Matthew 25: 35, 40
35 For I was hungry and you gave me food, I was thirsty and you gave me drink,
I was a stranger and you welcomed me,
40 And the King will answer them, ‘Truly, I say to you,
as you did it to one of the least of these my brothers, you did it to me.’
Having company is no easy feat. You have to be prepared. You have to be willing to do something you may not want to do. You may have to do something you do not have the energy to do. But, dare I say it, you should do them anyway. I don't think that it matters if it is family or old friends or new acquaintances.
Colossians 3:23 Whatever you do, work heartily, as for the Lord and not for men,
Some situations can vary considering how well you know the people and whether it is a stay of 1 hour 4 hours or overnight. But here are three easy things of which to take note!
1. Be prepared.
Know what kinds of foods these people can and can't eat so you are not making them feel uncomfortable when it's time to eat. Have plenty of food on hand. Either meal wise or snack wise. If they are staying the night make sure you are prepared for all meal options.
Know what types of things they like to do so you can do those things with them. Games, conversation, movies, outdoor activities, shopping, you name it. Have something or even more than one thing planned as an event to do or a backup plan just incase.
2. Be conversational.
Be willing to share stories about things in your life, events you have been to, hobbies, etc.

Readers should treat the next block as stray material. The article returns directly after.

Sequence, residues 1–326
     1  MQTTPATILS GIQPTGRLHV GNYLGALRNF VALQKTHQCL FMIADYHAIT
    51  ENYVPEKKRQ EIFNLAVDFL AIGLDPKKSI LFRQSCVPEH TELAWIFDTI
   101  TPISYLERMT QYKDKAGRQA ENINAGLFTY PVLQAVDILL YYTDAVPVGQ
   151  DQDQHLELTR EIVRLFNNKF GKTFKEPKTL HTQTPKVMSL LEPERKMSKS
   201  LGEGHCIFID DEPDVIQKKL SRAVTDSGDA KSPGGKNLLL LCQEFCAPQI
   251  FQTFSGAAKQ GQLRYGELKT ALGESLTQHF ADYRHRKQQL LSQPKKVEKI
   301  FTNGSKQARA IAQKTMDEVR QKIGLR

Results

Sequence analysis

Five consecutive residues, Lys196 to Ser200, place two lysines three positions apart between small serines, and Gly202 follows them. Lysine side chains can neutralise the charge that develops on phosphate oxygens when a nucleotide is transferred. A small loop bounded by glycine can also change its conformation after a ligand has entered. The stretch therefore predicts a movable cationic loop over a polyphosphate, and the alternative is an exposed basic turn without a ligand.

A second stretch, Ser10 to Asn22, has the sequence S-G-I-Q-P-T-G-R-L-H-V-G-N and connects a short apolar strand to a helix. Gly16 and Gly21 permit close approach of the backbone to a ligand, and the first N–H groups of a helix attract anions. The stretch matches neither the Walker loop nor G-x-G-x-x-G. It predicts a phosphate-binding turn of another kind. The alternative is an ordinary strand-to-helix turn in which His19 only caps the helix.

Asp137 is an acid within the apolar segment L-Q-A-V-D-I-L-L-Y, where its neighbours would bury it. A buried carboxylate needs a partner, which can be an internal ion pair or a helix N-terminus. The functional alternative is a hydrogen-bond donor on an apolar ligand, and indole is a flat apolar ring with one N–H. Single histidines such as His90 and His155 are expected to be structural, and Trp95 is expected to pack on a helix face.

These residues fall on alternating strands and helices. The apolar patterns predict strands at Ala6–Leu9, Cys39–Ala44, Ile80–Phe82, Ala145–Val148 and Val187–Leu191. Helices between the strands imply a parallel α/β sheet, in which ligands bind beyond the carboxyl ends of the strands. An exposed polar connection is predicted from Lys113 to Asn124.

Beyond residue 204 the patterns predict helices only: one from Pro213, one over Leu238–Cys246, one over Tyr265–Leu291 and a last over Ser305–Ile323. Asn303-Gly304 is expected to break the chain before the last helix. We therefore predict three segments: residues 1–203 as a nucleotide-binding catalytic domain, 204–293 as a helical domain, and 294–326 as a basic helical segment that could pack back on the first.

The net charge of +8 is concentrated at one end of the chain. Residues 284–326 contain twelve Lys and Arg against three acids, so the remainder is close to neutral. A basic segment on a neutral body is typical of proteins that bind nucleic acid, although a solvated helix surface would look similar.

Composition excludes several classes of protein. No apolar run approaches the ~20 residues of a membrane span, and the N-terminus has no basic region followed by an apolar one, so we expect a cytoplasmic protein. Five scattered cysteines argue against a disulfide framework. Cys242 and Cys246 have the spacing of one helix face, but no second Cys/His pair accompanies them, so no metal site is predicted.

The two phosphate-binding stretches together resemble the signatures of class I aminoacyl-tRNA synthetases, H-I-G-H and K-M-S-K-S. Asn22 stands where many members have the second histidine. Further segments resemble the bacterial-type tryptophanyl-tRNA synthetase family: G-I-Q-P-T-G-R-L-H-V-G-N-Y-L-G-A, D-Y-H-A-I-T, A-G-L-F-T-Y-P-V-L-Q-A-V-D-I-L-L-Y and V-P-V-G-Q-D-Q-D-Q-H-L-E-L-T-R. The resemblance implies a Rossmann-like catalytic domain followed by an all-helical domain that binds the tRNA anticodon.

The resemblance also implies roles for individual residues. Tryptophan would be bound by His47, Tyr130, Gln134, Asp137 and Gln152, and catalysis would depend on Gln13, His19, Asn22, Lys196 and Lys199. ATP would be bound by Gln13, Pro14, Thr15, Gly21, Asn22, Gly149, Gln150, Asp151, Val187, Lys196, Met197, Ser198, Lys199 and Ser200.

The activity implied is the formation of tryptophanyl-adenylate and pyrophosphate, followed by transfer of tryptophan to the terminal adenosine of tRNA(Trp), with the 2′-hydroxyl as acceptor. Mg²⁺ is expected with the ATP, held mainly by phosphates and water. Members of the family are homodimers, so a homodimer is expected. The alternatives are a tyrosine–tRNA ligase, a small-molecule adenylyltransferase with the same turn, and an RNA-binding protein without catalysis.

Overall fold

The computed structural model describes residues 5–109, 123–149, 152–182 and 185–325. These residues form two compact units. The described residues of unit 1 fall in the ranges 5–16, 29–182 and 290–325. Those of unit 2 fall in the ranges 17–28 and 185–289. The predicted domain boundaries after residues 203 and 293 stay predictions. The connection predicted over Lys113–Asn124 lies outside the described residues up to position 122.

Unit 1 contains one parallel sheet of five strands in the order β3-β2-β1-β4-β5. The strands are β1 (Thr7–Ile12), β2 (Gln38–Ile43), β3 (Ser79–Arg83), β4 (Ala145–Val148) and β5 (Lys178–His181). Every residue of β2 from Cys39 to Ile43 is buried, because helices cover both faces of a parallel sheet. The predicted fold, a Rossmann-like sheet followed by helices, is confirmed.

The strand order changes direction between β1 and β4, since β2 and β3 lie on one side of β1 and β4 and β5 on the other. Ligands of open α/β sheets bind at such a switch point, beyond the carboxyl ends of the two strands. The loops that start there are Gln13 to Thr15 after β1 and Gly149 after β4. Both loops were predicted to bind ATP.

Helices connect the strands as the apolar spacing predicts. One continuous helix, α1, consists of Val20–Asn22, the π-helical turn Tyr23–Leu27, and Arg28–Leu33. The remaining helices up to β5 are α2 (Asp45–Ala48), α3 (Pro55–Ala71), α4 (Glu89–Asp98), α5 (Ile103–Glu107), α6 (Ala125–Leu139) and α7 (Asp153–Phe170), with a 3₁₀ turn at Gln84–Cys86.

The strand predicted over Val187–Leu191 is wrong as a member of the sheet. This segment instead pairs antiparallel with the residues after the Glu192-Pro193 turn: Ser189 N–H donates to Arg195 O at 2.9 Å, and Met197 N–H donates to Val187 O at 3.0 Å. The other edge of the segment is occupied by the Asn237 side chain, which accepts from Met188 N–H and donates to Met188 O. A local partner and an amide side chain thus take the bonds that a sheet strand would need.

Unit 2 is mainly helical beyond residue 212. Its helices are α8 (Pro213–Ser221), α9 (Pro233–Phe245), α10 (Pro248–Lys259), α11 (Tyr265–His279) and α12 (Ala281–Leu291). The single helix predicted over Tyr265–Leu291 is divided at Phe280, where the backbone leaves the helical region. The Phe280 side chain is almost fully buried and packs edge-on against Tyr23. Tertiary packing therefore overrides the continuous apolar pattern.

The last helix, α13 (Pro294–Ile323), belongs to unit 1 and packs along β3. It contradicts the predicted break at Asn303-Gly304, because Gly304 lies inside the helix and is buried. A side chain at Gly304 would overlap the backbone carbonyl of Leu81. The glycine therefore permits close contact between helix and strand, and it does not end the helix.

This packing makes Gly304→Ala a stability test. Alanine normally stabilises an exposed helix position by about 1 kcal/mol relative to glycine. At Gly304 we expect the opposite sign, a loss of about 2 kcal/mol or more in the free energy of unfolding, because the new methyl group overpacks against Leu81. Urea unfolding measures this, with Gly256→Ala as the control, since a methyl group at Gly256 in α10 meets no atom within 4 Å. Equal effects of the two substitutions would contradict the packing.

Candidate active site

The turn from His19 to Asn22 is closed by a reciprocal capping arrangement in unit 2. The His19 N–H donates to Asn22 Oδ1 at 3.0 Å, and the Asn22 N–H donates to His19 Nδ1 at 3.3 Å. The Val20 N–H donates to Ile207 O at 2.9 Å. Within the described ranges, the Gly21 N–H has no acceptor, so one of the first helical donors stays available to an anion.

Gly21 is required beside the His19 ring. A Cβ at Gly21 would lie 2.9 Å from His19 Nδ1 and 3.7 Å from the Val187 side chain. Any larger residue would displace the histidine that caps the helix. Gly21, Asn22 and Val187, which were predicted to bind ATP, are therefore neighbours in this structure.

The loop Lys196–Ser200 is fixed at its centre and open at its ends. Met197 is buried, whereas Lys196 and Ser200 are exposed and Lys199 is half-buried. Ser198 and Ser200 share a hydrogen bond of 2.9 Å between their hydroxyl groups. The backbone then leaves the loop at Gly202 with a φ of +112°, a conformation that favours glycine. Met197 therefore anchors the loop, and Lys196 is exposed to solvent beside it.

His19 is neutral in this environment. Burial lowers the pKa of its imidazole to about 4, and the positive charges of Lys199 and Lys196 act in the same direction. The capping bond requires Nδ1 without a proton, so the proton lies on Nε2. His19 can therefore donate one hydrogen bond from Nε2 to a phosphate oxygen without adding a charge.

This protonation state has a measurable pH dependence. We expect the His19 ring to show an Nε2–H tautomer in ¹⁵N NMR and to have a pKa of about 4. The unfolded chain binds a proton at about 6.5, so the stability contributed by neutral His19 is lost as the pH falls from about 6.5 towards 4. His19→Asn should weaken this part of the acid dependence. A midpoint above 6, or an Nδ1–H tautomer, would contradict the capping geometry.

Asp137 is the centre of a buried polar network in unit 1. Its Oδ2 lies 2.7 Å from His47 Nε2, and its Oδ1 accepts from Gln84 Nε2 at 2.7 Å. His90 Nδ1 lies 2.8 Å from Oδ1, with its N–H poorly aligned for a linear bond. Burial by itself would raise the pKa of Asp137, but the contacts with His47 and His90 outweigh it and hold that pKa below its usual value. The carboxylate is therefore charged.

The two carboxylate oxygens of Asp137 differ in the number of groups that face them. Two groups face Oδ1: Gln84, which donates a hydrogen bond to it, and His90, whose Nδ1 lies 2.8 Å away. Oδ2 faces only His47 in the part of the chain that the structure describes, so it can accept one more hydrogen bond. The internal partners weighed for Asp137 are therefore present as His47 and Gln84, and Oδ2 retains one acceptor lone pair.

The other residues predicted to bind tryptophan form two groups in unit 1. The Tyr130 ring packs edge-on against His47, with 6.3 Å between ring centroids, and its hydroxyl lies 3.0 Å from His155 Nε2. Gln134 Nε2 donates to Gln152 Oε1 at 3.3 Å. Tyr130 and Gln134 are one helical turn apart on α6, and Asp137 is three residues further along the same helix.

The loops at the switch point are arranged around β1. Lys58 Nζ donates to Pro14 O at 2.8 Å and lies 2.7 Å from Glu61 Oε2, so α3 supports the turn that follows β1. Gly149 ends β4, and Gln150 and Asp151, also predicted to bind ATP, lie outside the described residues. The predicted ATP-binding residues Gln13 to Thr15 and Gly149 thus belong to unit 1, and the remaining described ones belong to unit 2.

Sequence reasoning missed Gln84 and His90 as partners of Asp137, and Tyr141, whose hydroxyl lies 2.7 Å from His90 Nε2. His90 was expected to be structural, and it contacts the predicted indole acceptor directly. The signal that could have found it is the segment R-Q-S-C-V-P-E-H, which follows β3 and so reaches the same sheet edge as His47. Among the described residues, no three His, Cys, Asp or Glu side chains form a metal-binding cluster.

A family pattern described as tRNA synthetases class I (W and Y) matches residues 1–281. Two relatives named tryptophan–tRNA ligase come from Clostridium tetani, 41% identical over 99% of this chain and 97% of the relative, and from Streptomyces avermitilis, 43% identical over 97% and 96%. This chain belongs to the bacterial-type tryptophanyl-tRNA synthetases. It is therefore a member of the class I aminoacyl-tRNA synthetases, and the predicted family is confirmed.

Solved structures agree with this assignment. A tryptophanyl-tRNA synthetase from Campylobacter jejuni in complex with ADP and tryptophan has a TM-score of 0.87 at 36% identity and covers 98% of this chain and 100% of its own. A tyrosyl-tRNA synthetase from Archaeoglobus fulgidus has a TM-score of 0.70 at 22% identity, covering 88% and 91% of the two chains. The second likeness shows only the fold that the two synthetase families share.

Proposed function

If it's family conversation may come easy. Not always the case, but sometimes. You just might have to put in more effort than normal.
Know when enough of one topic is enough. Someone might be sympathetic to your story about being sick, but 5 minutes later they begin to wonder, and 7 minutes later they wish they never acted interested in the first place because they don't really want to continue listening to this same story. You don't need to be overly aware, but there are some clear signals if someone would like to change the subject. See them, and guide the conversation accordingly.
If it's newer people you are meeting, when they ask you a question, answer in full sentences, not one word answers. And next, ask them the same question if you don't already know to keep the converstaion flowing. Dead air can become awkward when meeting new people.
3. Pamper them/Make it about them
Who doesn't want to be pampered? Make food you don't normally make. Don't just skimp by with whatever is lying around the house. Show them you put much effort into their stay with what you provide for them. This doesn't have to be an expensive meal. I'm just talking about showing you care enough to completely prepare before they came, instead of throwing things together last minute as if it wasn't important.
Make sure they are having a good time. If they want to just sit and talk, even if that's not your cup of tea, do it. If they like to play games, even if that's not your cup of tea, do it. If they like to stay up late, and you've worked hard all day and cooked and cleaned the house and you are dog tired... for heavens sake, stay up late with them. Pull your self together. It is possible to force and encourage yourself to take one for the team. In this case the team is your company. On the other hand, if they like to go to bed early make sure they feel comfortable enough to be able to do that.
The goal is to give. Allow them to walk away and feel comfortable, glad, encouraged, welcomed, loved. They should be glad they came and excited to want to do it again, or to do it for someone else. Not glad to go home because of lack of something. They should feel encouraged because of good, godly, healthy conversation. They should feel full because plenty since you were prepared foodwise.
Who have you had over lately?